Really, like most other art, the best way to do it is to just do it. Draw some sketches. Play around with the tutorials here. Experiment, don't be afraid to post works-in-progress and ask advice.

    Hopefully that ramble was of some use.
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  3. #3
      Chashio is offline
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    Well said, Diamond. And, I still scribble on scratch paper... It's not just for kids. Makes a lovely idea generator and thought organizer.

    If you're looking for a good reference book with examples for basing your fictional maps in reality (for Earth-like realms), Smithsonian's Earth, The Definitive Visual Guide gives a great introduction to things without getting overwhelming and is useful for visualizing landscapes you create in your maps.

    Also... It's not a bad idea to start with an island. It has boundaries, so it's harder to bite off too much.

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      chick is offline
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    Perhaps you might try going to the Challenges section of this forum and try the current Mini or Regular Challenge map. That would give you something specific to work on while you get your feet wet, and would probably help you think through what part of mapping intrigues you the most.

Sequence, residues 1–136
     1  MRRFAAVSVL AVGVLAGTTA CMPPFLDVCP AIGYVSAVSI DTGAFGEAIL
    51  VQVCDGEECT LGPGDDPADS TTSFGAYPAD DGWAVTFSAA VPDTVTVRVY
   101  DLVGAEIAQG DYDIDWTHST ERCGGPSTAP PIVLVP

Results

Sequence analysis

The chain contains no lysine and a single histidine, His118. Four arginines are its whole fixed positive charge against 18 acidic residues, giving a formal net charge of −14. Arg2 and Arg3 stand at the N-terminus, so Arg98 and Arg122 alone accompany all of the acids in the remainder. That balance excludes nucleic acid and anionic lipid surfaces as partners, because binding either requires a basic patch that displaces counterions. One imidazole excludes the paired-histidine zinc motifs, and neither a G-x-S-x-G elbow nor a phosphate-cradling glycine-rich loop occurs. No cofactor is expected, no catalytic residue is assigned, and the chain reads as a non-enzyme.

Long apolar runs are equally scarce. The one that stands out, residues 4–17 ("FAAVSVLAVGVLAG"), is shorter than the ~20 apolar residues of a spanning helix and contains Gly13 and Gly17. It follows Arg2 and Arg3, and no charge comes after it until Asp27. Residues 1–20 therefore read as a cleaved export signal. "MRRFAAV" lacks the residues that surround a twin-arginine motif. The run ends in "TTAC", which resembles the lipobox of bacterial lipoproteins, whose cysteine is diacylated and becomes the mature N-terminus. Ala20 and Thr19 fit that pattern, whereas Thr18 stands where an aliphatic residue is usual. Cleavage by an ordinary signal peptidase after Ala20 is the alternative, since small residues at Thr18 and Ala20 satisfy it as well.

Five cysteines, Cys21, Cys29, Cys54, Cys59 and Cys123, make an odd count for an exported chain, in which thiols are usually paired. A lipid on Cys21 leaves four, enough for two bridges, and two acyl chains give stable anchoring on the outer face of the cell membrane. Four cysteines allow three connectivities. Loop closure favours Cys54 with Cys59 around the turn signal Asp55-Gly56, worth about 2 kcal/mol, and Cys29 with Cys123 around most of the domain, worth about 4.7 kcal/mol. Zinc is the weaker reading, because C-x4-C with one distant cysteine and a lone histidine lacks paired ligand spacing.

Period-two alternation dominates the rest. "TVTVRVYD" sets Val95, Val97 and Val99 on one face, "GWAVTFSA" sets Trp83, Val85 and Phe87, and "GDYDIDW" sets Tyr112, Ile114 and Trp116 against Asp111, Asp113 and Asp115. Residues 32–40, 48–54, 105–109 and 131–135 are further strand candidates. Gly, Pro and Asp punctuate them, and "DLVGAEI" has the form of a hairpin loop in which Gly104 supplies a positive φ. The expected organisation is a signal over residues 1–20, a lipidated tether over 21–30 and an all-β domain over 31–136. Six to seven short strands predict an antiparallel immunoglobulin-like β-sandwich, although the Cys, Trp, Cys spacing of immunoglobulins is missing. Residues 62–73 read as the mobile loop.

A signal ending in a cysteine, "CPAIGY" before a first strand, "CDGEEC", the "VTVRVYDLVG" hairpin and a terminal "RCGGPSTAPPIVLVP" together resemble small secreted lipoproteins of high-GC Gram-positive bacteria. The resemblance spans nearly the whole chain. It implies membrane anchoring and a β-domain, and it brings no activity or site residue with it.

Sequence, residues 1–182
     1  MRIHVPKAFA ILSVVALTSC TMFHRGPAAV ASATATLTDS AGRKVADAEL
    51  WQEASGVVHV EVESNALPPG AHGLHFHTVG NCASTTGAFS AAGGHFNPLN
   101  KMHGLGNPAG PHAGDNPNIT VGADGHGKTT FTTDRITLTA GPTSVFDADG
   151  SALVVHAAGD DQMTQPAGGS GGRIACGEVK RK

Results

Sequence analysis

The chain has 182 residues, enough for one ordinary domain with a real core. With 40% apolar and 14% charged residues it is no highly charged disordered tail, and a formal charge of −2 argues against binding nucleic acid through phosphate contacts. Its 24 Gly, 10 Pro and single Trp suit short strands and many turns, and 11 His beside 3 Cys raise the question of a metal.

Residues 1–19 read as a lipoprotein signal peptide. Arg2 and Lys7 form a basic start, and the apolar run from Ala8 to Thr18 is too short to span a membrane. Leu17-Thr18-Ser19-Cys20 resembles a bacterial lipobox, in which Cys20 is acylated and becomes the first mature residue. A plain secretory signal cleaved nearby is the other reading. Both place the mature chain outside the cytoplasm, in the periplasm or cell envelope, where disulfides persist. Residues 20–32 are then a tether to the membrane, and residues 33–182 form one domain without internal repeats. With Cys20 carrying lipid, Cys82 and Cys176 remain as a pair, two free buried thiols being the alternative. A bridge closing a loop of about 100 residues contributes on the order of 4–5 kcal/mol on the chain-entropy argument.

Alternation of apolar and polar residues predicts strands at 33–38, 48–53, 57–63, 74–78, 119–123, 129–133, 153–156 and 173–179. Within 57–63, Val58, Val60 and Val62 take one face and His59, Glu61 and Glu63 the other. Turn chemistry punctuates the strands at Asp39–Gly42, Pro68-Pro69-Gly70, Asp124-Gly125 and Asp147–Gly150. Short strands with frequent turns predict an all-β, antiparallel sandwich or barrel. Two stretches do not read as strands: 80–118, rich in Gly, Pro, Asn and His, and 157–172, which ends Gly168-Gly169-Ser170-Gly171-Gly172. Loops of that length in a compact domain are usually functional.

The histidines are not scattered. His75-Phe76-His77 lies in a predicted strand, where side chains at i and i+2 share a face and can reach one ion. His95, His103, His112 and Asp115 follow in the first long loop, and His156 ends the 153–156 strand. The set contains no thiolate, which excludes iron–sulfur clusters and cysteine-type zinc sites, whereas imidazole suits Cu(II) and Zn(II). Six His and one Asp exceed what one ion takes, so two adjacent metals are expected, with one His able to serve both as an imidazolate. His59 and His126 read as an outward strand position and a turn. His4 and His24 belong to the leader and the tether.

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      J.Edward is offline
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    If you're wanting to go a more hand drawn route - you could start with getting used to sketching trees, forests, mountain shapes, mountain ranges, working on styles for shorelines of lakes and rivers. Then once those are more or less comfortable for you you could move on to color and texture for land types. That would be an easy enough start before trying to jump right into world building. Draw a few villages, towns, cities. Get used to all the little parts that make up the world at the local level.
    Then start practicing different types of coastline - Scandinavian coasts can be fun and quite time consuming.
    You could go to google maps and try to render landscape that you find there.

    There are a lot of directions you could go and a lot depends on where you want to go with cartography.

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      Falconius is offline
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    Deciding to do something as a "primary hobby' seems like a strange way to start out, but then maybe I should give that a try if it works for you. Generally speaking people do something because they enjoy it and because it meets certain specific goals. So my suggestion is to come up with goals for your maps and then draw to fill them. For example; you decide to make an RPG setting so need to map areas pertaining to your setting. The other approach is to say I'm going to make something and then, perhaps, find a use for it. Like saying I'm going to make an island now and then just getting down to it. Really both of these things can be used in conjunction, for instance if you are stuck or can't think of a project, you just do some random thing such as in the island example, and when you want to do something important to you you have the practice under your belt.

    There is also this fact: Quantity leads to quality. So just keep bashing away at it.